Undoubtedly, the little mermaid’s compassion for others is an obvious quality. In this love story, in which the setting starts under the ocean during the late medieval ages, this quality is brought out by the Prince, the emotionally blind antagonist who is on his way to a watery doom. “She watched closely for the young Prince, and when the ship split in two she saw him sink down in the sea. At first she was overjoyed that he would be with her, but then she recalled that human people could not live under the water, and he could only visit her father’s palace as a dead man. No, he shall not die!” She quickly dives down into the black murky depths and saves him quickly and mercifully from his death, whereas most mer-people would not have. She, however, is different. Where other mer-folk would have cared less about a mere human drowning, she sees value in all life and acts upon this compassion to do the right thing, like in the mouse and the lion story. Compassionate and sensitive, her conscience does not allow her to mercilessly watch a living thing die, especially unnecessarily. The little mermaid’s character is one of unwavering compassion.
“If men aren’t drowned, do they live on forever? Don’t they die, as we do down here in the sea?” This thought-provoking question, indicative of her inquisitive nature, begins a series of questions and desires that the little mermaid sets out to answer. After saving the prince, she confronts her shriveled grandmother, who acts as the aged and sagely mentor, about the difference between humans and mer-people. Whereas mermaids die and turn into sea foam after three hundred years, her grandmother reveals that humans have immortal souls and live forever after death, so the thought of obtaining her own immortality to live with her true love unsurprisingly consumes the little mermaid’s thoughts. The conflict begins. Interestingly, she is unsatisfied to live a long life, only to be changed into sea foam. She is faced with the dilemma of choosing a different path in life, one that does not include her family, although she loves her family dearly. Her inquisitive nature creates an interesting tale with a complex plot, making the story a beloved classical fairy tale for many. Due to her analytical nature, the little mermaid sets her course on quite a different path than that of all other mer-people, experiencing feelings, circumstances, and situations she would otherwise never experience.
Finally, her greatest overall trait is undoubtedly her determination. Few can compare to her unrivaled strength and fortitude as she willingly and happily endures trials to achieve a much greater reward. When faced with the challenge of sacrificing her voice for human legs and subjecting herself to pain beyond measure indefinitely, the protagonist gladly suffers the painful experience to obtain immortality alongside her true love. “Everyone who sees you will say that you are the most graceful human being they have ever laid eyes on, for you will keep your gliding movement and no dancer will be able to tread as lightly as you. But every step you take will feel as if you were treading upon knife blades so sharp that blood must flow.” The conflict is exacerbated. Reminded of her sacrifice through each painful step, which is inflicted by a sneaky sea witch, the little mermaid also loses her precious voice. Her determination to achieve immortality and eternal life with the young prince supersedes any and all other difficulty or trial she expects to go through. Although life takes her on a different course than she anticipates, her determination to acquire immortality will eventually be rewarded.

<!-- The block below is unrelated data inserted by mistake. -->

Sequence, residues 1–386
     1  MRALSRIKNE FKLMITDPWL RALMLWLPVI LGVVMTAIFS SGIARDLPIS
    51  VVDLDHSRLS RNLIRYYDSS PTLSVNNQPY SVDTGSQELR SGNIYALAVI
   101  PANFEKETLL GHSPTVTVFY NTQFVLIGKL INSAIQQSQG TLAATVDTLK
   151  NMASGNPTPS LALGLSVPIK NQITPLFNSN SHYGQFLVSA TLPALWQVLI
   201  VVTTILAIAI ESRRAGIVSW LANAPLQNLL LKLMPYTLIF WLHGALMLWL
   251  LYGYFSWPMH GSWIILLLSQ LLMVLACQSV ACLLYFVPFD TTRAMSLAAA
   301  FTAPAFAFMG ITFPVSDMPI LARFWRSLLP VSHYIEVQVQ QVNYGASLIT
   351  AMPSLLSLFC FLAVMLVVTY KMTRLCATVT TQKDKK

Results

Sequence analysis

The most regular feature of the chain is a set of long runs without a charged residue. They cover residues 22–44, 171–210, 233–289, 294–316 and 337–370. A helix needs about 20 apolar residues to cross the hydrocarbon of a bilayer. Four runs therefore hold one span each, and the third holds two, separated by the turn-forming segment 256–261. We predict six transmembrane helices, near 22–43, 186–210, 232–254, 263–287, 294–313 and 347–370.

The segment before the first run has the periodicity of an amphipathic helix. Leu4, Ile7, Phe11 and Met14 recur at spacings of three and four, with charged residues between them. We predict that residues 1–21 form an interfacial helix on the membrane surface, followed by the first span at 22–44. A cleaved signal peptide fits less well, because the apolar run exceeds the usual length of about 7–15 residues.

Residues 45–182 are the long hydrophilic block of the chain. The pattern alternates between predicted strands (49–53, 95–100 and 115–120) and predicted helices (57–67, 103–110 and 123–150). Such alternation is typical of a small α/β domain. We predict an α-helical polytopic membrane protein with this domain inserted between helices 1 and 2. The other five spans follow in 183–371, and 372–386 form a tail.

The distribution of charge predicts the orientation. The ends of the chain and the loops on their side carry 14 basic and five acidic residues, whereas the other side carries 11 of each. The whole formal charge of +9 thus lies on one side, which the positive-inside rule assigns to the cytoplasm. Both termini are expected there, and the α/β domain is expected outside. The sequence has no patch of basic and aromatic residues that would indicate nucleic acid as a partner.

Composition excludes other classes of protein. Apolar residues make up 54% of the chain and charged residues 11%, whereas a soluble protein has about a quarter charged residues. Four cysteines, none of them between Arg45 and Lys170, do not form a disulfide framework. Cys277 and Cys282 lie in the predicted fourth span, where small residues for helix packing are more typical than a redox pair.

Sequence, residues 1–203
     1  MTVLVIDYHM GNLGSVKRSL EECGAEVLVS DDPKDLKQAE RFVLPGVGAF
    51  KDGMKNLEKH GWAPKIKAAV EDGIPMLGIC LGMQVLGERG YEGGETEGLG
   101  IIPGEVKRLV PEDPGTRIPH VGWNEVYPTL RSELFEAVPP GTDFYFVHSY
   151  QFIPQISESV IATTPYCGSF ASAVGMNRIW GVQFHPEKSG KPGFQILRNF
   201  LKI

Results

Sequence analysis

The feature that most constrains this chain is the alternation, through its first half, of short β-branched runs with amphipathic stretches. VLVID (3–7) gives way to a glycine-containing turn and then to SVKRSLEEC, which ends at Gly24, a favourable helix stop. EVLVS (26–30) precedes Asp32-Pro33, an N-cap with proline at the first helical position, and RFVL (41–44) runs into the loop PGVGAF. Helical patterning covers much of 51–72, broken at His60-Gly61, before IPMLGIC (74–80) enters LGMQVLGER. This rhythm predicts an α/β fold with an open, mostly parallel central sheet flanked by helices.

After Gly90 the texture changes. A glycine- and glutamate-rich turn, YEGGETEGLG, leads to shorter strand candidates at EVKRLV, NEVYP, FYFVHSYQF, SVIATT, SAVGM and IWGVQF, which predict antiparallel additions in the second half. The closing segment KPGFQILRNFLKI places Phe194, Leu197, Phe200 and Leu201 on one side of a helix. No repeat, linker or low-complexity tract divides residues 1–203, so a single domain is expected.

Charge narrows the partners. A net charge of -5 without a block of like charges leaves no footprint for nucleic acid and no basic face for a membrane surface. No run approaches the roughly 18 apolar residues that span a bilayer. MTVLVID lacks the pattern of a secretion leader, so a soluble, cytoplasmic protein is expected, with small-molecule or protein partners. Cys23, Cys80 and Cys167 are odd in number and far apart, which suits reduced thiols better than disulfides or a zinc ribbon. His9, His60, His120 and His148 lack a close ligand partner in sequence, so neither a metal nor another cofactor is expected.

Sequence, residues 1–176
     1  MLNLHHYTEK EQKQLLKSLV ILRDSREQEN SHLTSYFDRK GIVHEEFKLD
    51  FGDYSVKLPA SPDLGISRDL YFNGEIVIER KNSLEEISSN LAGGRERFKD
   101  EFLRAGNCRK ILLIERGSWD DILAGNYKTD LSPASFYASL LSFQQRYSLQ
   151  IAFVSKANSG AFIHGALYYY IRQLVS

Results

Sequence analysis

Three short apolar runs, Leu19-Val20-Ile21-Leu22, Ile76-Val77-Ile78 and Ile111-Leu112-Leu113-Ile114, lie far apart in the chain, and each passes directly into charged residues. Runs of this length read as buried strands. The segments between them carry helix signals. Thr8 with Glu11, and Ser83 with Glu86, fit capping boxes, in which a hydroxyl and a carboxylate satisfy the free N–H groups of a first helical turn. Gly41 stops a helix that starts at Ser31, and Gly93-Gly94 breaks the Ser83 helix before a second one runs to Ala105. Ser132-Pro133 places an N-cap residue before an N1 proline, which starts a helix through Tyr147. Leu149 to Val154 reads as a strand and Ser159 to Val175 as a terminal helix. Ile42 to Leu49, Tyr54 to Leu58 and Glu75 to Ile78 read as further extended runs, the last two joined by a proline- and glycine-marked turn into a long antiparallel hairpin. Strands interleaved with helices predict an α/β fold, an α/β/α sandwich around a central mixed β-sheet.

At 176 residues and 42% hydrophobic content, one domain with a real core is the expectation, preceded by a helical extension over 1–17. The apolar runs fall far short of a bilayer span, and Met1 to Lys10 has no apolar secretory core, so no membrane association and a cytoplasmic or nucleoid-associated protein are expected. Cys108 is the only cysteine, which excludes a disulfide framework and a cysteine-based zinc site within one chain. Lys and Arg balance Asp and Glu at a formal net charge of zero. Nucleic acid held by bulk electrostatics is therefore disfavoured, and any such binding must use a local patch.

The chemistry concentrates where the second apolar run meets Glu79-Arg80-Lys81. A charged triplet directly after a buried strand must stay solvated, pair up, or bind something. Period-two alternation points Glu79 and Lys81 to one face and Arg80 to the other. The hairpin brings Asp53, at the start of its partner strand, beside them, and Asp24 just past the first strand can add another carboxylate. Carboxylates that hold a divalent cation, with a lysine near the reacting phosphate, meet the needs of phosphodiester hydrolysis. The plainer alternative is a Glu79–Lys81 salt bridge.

Although at first the little mermaid seems to be just a compassionate and inquisitive mer-princess, a deeper look at her actions also reveals her character to be determined and enlightened. Expertly written, “The Little Mermaid” turns out to be an intense story while avoiding having a “much too perfect” ending. Realistically written for fiction, parts of the story seem to be rather underdeveloped and undescriptive, lacking in substance and content. Engaging and interesting, however, this book is still quite enjoyable regardless of its faults. Despite the fact that this book was written in the 1800s, it refrains from sounding antiquated and archaic. She wants an immortal soul. She loves the prince. She sacrifices herself. The little mermaid’s sacrifice for her true love, the prince, has unearthed the judicious moral. Everything has a price. The little mermaid, a true hero, sorrowful and despondent at not receiving the love of the prince, gives up her life in exchange for his. The reader’s initial horrified response at this turn of events quickly gives way to elation as she benefits from an equally merciful and just reward.